For those of you who just can’t seem to wrap your head around what hydraulic fracturing or “fracking” really is, we decided to develop a “Fracking 101” post to address it’s main environmental and heath concerns. There are many articles that hail natural gas as the best thing since sliced bread and chastise President Obama for not taking more advantage of our shale gas deposits, so readers could be easily swayed into thinking “yea, fracking is wonderful, why don’t we do more?” Well, here is a list of reasons to be skeptical of America’s new passion for hydraulic fracturing and to make you think twice next time you read a piece describing all the amazing attributes of fracking.
- Intense Water Use. Fracking uses water from local rivers and streams, the majority of which does not go back to waterways. Word Economic Forum recently identified water crises as one of top 10 global risks so why would we want to increase dependency on a water intensive process?
- In order to frack one well and draw the oil out of it in the Appalachian basin’s Marcellus Shale formation, 5 million gallons of water is used. That’s a lot of water for one well— but to put it in perspective, there are about 6,000 wells in Pennsylvania alone.
- “Cleaner” than coal but NOT “clean”. There are many claims that the natural gas and oil produced from hydraulic fracturing are “clean” ways to to wean ourselves off of coal. Yet, although it is true that natural gas produces half the carbon dioxide as oil or coal when burned, hydraulic fracturing (the process used to extract liquid natural gas) has many other dirty environmental effects and they are worrisome:
- Leaked methane. Methane, a greenhouse gas pollutant 22 times more potent than carbon dioxide, is leaked at tremendously high rates in the fracking process. As much as 8% of methane is lost when wells are fracked. Not to mention recent studies released which state that the EPA’s methane emissions estimates are even too low.
- Energy-intensive drilling. Fracking relies on diesel engines and generators constantly running to power rigs.
- Air pollution.
- Methane leaked not only contributes to climate change, but also has visible effects seen as smog. In Denver, Colorado fracking heavily contributed to smog that surpasses federal ozone guidelines and Wyoming smog is said to be worse than Los Angeles.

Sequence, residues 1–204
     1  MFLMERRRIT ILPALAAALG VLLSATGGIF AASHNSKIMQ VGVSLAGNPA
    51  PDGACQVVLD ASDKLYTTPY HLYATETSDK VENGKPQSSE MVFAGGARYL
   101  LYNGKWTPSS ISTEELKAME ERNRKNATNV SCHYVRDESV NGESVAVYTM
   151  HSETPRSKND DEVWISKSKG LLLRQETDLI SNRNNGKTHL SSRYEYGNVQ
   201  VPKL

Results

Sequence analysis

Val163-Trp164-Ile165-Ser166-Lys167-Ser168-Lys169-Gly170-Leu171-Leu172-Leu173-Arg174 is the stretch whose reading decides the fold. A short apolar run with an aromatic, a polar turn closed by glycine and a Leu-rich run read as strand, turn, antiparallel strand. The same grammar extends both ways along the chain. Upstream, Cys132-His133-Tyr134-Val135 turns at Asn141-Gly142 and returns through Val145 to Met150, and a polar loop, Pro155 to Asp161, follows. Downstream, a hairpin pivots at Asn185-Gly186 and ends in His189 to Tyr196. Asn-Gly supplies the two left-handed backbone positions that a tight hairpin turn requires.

- Contaminated aquifers.
- Water on fire—you’ve seen the pictures. 4 states have officially confirmed water pollution from fracking. Again, with real water risk concerns, the last thing we need to do is pollute the resources we do have.
- Hazardous wastewater dumping.
- A plethora of chemicals or “fracking fluid” is used to loosen up the rock to exract the gas. Companies have been reluctant to disclosure the hodge-podge combination of chemicals they use and lack of transparency or standards for reporting have allowed firms to contaminate local areas and creating hazardous wastewater.
Health & Society
- Cancer. Research that found that people living within a half-mile of fracking wells “had a higher excess lifetime risk of developing cancer than people living farther away. Under mounting pressure, companies such as Schlumberger and Range Resources have posted the chemical compounds used in some of their wells, and in June, Texas became the first state to pass a law requiring full public disclosure.; known and suspected carcinogens, including benzene and methanol
- Chronic Health Effects. Study also shows the “growing number of documented cases of individuals suffering acute and chronic health effects while living near fracking operations – including nausea, rashes, dizziness, headaches and nose bleeds.” The central finding is a strong correlation between proximity to fracking wells and congenital heart defects.
- Birth Defects. Prior studies have linked the ambient presence of chemicals released during natural gas extraction, such as sulfur dioxide, nitrogen dioxide, and benzene, to birth defects.
These are the basic environmental and health effects of fracking. It is important to be aware of these factors and support local, state, and national legislation to increase transparency and make fracking more safe. In the U.S. loopholes in environmental legislation have allowed fracking to spread quickly without adequate research and guidelines to gauge and minimize negative impacts.
Please stay tuned for our next post on fracking, as we explore its social and economic impacts.